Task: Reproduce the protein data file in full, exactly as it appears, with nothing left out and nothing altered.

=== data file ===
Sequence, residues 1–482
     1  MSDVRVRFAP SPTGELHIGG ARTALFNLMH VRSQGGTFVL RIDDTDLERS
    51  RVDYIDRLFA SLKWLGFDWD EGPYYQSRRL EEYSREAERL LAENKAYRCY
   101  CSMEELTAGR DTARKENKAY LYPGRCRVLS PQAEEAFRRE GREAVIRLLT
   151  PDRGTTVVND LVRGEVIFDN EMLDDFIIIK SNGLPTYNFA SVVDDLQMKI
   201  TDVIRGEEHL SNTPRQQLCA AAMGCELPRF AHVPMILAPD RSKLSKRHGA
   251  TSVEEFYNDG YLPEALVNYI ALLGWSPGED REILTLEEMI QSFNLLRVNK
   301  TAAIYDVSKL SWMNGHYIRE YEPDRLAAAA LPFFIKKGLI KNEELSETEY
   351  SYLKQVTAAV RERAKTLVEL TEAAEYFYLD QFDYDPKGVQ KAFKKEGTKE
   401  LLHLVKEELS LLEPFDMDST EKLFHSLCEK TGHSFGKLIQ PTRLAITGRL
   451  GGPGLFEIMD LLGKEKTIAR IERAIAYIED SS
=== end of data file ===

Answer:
Sequence, residues 1–482
     1  MSDVRVRFAP SPTGELHIGG ARTALFNLMH VRSQGGTFVL RIDDTDLERS
    51  RVDYIDRLFA SLKWLGFDWD EGPYYQSRRL EEYSREAERL LAENKAYRCY
   101  CSMEELTAGR DTARKENKAY LYPGRCRVLS PQAEEAFRRE GREAVIRLLT
   151  PDRGTTVVND LVRGEVIFDN EMLDDFIIIK SNGLPTYNFA SVVDDLQMKI
   201  TDVIRGEEHL SNTPRQQLCA AAMGCELPRF AHVPMILAPD RSKLSKRHGA
   251  TSVEEFYNDG YLPEALVNYI ALLGWSPGED REILTLEEMI QSFNLLRVNK
   301  TAAIYDVSKL SWMNGHYIRE YEPDRLAAAA LPFFIKKGLI KNEELSETEY
   351  SYLKQVTAAV RERAKTLVEL TEAAEYFYLD QFDYDPKGVQ KAFKKEGTKE
   401  LLHLVKEELS LLEPFDMDST EKLFHSLCEK TGHSFGKLIQ PTRLAITGRL
   451  GGPGLFEIMD LLGKEKTIAR IERAIAYIED SS